At a special meeting dedicated to Baltic free trade in Vilnius March 5, Latvian representatives put things clearly: either Lithuania scraps a system that prohibits the price of Latvian agriculture imports from dropping below a certain level, or Latvia will strike back in kind.
"If Lithuanians are doing this, why shouldn't Latvia do the same," said Aiga Smiltane, director of Agriculture Ministry's trade relations department.
At the beginning of the year, Lithuania set a minimum price floor on imported foodstuffs that it uses to calculate taxes. As the established prices are above the market level, imports cannot compete with locally produced goods, and Latvian export to Lithuania plummeted.
At the March 5 meeting, Lithuania promised to review its customs policy and lower the minimum prices to market level, but Latvia wants this system scrapped altogether because it says it violates the Baltic Free Trade Agreement.
The Latvian government decided March 9 to apply the same customs evaluation system against Lithuanian producers to make its southern neighbor reconsider.
"This measure was necessary to put in order the Baltic Free Trade Agreement and to establish the same conditions for trade," said Smiltane. "Lithuanians did not believe we would do this."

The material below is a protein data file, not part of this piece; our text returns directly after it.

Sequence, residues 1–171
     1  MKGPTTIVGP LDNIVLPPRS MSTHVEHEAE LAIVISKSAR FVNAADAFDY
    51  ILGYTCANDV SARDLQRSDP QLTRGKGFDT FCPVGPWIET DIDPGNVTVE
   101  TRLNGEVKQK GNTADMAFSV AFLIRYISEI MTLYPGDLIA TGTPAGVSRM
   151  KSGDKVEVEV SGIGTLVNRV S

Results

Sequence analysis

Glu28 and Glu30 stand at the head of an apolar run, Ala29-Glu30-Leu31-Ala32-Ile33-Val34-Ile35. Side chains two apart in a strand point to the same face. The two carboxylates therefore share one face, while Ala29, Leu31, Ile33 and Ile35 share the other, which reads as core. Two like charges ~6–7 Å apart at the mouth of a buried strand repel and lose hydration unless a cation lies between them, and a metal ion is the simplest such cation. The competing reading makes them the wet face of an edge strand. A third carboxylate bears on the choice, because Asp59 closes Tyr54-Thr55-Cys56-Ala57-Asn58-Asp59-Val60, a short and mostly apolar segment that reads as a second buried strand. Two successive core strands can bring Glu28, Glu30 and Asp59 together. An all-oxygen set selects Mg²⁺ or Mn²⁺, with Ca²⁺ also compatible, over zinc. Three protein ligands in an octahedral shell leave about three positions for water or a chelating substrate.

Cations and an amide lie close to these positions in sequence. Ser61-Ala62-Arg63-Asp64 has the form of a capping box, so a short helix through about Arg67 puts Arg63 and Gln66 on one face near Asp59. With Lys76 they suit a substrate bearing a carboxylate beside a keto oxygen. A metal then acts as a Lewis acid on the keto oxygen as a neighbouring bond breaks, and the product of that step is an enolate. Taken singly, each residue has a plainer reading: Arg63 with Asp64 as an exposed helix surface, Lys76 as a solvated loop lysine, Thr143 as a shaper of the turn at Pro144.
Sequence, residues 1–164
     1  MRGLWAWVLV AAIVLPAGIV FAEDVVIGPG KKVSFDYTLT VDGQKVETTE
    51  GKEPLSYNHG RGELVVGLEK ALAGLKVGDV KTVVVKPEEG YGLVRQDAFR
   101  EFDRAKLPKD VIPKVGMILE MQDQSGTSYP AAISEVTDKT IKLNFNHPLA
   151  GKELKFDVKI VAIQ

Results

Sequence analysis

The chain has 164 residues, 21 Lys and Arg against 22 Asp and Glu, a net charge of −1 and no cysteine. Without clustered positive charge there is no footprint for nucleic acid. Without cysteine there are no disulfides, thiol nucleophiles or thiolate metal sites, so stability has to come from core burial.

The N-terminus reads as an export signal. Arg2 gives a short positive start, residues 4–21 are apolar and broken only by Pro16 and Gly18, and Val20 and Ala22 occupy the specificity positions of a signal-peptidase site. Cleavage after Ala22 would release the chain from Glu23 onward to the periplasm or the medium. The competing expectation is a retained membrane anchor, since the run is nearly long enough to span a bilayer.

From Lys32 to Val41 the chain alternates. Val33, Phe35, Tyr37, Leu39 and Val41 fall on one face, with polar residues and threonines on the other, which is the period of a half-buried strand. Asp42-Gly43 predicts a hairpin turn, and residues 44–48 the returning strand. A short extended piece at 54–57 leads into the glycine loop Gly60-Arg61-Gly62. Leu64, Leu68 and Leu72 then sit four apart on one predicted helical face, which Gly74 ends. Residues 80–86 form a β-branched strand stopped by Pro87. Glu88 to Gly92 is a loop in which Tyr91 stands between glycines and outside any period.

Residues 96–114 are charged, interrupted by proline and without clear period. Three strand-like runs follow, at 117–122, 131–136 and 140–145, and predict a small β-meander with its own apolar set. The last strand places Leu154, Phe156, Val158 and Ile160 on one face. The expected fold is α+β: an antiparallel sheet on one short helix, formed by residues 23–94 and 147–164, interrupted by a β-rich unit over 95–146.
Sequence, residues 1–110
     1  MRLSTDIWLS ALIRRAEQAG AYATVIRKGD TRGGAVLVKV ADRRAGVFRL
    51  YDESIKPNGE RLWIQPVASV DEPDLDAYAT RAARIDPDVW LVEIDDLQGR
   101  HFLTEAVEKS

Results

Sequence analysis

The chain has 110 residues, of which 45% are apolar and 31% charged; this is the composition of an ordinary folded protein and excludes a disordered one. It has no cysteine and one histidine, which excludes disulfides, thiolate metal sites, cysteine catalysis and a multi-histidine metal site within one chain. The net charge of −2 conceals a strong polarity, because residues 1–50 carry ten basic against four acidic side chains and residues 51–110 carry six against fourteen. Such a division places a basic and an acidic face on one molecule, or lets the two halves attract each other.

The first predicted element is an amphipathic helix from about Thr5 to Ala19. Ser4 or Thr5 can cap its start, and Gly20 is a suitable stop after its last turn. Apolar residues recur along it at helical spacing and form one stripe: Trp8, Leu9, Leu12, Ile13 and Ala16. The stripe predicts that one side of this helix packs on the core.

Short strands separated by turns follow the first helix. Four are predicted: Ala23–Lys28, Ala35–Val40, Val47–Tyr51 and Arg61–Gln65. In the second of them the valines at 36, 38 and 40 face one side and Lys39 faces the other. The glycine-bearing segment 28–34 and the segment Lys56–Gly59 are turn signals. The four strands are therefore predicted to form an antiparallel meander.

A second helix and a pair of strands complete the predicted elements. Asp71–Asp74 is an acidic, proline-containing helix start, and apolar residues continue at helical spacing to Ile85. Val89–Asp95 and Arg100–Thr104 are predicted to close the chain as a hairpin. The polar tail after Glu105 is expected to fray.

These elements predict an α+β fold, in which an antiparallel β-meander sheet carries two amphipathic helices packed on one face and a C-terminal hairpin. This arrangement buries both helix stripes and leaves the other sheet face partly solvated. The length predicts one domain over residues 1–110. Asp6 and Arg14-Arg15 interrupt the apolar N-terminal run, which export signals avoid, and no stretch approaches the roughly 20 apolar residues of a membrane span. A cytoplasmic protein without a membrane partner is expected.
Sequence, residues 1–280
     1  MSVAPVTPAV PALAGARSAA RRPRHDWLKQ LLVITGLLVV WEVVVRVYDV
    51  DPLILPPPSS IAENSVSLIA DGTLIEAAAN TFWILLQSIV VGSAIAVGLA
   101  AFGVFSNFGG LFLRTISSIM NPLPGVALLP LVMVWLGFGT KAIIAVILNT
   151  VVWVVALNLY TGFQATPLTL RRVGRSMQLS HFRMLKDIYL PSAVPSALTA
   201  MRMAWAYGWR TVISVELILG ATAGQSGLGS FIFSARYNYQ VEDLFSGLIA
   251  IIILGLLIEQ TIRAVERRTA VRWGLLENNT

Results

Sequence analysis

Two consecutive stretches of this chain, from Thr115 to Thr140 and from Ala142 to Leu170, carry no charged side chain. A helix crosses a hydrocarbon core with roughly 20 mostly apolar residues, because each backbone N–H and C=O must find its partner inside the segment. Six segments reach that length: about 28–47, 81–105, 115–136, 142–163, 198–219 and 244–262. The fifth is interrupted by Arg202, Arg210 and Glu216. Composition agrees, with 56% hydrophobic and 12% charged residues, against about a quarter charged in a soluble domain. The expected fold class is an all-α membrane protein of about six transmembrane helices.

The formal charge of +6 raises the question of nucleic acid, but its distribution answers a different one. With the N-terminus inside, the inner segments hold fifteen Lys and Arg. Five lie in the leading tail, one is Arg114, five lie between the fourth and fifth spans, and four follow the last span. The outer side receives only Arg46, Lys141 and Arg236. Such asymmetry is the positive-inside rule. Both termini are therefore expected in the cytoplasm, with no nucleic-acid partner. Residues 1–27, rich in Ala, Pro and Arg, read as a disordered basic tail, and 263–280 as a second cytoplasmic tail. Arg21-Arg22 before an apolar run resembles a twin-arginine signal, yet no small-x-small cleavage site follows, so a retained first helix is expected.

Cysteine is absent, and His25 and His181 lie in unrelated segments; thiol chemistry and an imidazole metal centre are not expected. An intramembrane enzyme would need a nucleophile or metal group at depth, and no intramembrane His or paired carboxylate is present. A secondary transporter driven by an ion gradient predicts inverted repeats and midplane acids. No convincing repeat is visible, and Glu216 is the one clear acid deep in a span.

Until March 15, Lithuanian producers declared the value of exported goods at the Latvian border. Latvia then applied a value added tax, or VAT.
Now, the value of Lithuanian goods will be calculated according to the established minimum prices. Only then will VAT be added.
The value of beef will be determined taking into account the established price of 0.94 lats ($1.6) per kilogram. Latvia has also established the price of pork at 1.18 lats per kilogram. Minimum prices on eggs range from 1.03 lats to 3.97 lats per kilogram, while prices on milk products vary from 0.29 to 1.10 lats per kilogram.
Smiltane said Lithuanian export to Latvia will drop and losses may run up to 4 million lats by the end of the year.
"I think that Lithuanian exporters will start having problems and they will try to influence their Agriculture Ministry to scrap these prices," she said.
Not at all, say Lithuanian officials.
"No Latvian measures are a threat to our producers. We are producing cheap, quality products," said Jonas Rekesus, the Lithuanian Agriculture Ministry's chief spokesman. "Loss of this market is not dangerous for us, because it's too small for our exporters."
Rekesus denied Latvia's move would influence the policy of the ministry, which promised the World Trade Organization it would junk the price floors on Jan. 1, 2000.
"Nothing will change. This measure won't benefit Latvia in any way," he said.
Lithuania said it would review its prices by March 16. If it opts to decrease some of them, Latvia will change accordingly. But there is no guarantee Lithuania will drop the prices to the market level.
"Prices may decrease," Rekesus said. "But may also increase."